Fast forward to October 2020, in the midst of the 2020 Artsakh War, now acknowledged to have been instigated by Azerbaijan, despite initial news reports lending credence to Azerbaijan’s denial of that fact. Not a day went by that we did not do some sort of volunteer work to help the war effort. In the break between shifts sorting clothing for displaced families one day, I paid another visit to Paraga’s page. Though I had read it a dozen times already, I scanned its contents once more, hoping I might find some new scrap of information hidden in the lines.

“Paraga is a village in the Ordubad District of the Nakhchivan Autonomous Republic, a landlocked enclave of Azerbaijan. Its population of 306 is busy with gardening, vegetable-growing, and animal husbandry. It has a secondary school, library, and a medical center.”

That was the whole article.

I stared at my screen in disbelief. The second section about the Armenian churches was nowhere to be found. Frantically, I searched for something on the page that might restore what had been lost. I learned quickly that each Wikipedia page has an easily accessible edit history. Scrolling through time to the moment my history was erased, I found him: a user who went by the name of Shahin085. His listed reason for deleting our history?


One of the first things we learn in elementary school English is that Wikipedia is not an acceptable source to cite for research papers. Though valuable in the sheer breadth of information it contains, the online encyclopedia depends on volunteer contributors from the general public. Even with its own special editing system in place, errors and malicious edits can find footholds.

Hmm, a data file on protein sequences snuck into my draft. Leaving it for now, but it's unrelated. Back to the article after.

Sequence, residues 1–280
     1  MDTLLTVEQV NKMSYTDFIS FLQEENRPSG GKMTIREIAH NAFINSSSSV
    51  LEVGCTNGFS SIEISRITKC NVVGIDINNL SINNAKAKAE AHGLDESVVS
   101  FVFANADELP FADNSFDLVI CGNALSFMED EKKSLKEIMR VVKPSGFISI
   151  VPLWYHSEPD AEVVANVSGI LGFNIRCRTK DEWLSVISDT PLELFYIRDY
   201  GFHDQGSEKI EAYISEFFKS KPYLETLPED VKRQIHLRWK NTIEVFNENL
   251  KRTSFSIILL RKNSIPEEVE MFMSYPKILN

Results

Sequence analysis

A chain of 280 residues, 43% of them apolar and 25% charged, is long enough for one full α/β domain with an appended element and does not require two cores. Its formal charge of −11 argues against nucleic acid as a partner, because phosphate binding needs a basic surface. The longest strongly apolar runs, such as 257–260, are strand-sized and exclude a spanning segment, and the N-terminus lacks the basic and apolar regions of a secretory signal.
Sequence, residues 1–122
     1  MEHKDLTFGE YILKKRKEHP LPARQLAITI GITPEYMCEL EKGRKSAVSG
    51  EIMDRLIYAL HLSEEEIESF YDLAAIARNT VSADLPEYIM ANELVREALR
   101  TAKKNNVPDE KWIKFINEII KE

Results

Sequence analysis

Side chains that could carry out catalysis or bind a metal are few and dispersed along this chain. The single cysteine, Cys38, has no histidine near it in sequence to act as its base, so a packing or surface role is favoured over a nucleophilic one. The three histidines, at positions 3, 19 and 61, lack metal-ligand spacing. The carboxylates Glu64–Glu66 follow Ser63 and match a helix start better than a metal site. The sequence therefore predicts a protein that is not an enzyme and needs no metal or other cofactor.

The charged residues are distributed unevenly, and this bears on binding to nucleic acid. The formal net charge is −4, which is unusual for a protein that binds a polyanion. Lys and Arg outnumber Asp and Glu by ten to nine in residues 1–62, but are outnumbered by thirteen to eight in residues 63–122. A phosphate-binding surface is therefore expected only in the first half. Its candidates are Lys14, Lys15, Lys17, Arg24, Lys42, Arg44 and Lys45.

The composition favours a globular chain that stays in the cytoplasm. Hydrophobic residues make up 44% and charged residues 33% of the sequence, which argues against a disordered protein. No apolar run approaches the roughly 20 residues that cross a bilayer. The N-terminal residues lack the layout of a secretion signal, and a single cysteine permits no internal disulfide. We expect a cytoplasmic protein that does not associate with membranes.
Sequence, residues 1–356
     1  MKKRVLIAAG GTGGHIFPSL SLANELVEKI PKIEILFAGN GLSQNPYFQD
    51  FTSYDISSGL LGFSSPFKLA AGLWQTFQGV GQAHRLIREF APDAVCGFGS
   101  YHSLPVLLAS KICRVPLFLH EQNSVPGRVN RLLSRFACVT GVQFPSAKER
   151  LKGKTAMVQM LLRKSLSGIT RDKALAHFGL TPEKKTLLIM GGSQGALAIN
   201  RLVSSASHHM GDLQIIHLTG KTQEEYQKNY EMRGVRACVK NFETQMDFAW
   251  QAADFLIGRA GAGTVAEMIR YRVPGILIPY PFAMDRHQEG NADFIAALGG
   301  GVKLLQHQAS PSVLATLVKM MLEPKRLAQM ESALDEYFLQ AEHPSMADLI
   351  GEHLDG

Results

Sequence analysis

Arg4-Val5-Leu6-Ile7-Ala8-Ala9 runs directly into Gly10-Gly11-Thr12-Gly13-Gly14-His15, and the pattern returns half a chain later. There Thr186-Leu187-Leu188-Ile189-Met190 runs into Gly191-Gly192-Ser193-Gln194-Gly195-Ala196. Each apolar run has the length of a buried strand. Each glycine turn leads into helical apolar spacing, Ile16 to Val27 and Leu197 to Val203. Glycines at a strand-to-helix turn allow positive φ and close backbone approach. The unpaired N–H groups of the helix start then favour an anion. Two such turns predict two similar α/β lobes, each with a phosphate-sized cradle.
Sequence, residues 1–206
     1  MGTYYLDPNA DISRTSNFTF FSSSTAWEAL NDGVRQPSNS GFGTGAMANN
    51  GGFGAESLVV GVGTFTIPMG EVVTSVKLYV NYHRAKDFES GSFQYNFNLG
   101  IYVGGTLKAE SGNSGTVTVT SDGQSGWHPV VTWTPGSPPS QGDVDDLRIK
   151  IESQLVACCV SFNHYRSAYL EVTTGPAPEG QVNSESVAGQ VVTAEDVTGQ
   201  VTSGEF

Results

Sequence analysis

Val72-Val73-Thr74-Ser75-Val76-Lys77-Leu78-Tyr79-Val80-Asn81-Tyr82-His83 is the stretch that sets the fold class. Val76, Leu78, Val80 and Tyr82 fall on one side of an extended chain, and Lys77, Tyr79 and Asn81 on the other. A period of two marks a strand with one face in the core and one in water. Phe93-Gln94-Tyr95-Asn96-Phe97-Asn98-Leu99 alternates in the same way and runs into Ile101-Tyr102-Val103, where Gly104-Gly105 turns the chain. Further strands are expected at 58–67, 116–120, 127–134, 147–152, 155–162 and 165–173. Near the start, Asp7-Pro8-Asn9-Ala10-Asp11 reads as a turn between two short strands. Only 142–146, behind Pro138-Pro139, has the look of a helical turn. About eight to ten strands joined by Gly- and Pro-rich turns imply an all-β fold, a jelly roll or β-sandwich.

I was fascinated, but I was also scared. Any physical remnants that might have preserved the memory of my ancestors and the Armenians of Paraga had been eradicated ages ago. If even the Internet showed no trace of their existence, then who was to say that they existed at all? If it was so easy to write us off as a typo, then wasn’t that initial evidence worthless to begin with?

Last November, we lost the war. We lost much of Artsakh (Karabakh). With it, we lost towns and villages and the monasteries, churches and other monuments within. Now they sit, vulnerable, in the hands of those who want them destroyed. As I write, Azerbaijan has already dismantled the spires of Shushi’s Ghazanchetsots Cathedral, scrubbing the land clean of our memory. In the wake of this fresh destruction, the tragedy of Nakhichevan echoes.

Paraga has become everything to me. Sometimes I wonder, if I speak its name often enough, if I spell it out, write it on the walls, can I will it—its Armenian history—into that collective consciousness? In a world that becomes more digitized daily, what of the physical remains? What of the digital can be accepted as truth? Am I a fool to think that a paragraph detailing the Armenian monuments of some small village somewhere can give the record of our story any real permanence? It only took a second to delete.

A few weeks after its disappearance, the coveted paragraph was restored to Paraga’s Wikipedia page by a different user. Reason given? “Reverting malicious edits [removal of sourced Armenia-related content] probably connected to Azerbaijan’s ongoing invasion of Artsakh.” I’d like to say I was relieved to see the information returned, but I am left paranoid beyond belief. I feel a fool for thinking either I or my father could place our faith in pixels and print. Call us a typo and we are deleted. I visit the page often, just to check, ready to restore what was lost.